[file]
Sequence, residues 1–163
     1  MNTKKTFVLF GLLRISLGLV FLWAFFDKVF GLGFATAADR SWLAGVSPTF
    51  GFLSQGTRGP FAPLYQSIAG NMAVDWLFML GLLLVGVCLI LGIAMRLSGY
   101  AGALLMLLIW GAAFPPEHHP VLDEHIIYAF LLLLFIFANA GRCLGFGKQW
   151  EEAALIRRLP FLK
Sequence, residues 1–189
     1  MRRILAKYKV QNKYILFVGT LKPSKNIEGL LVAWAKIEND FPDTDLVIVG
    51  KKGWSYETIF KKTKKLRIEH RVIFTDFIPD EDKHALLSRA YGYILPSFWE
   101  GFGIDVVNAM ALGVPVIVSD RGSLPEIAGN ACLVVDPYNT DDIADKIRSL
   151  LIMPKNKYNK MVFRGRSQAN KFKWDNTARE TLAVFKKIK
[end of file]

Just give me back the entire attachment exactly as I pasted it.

Sequence, residues 1–163
     1  MNTKKTFVLF GLLRISLGLV FLWAFFDKVF GLGFATAADR SWLAGVSPTF
    51  GFLSQGTRGP FAPLYQSIAG NMAVDWLFML GLLLVGVCLI LGIAMRLSGY
   101  AGALLMLLIW GAAFPPEHHP VLDEHIIYAF LLLLFIFANA GRCLGFGKQW
   151  EEAALIRRLP FLK
Sequence, residues 1–189
     1  MRRILAKYKV QNKYILFVGT LKPSKNIEGL LVAWAKIEND FPDTDLVIVG
    51  KKGWSYETIF KKTKKLRIEH RVIFTDFIPD EDKHALLSRA YGYILPSFWE
   101  GFGIDVVNAM ALGVPVIVSD RGSLPEIAGN ACLVVDPYNT DDIADKIRSL
   151  LIMPKNKYNK MVFRGRSQAN KFKWDNTARE TLAVFKKIK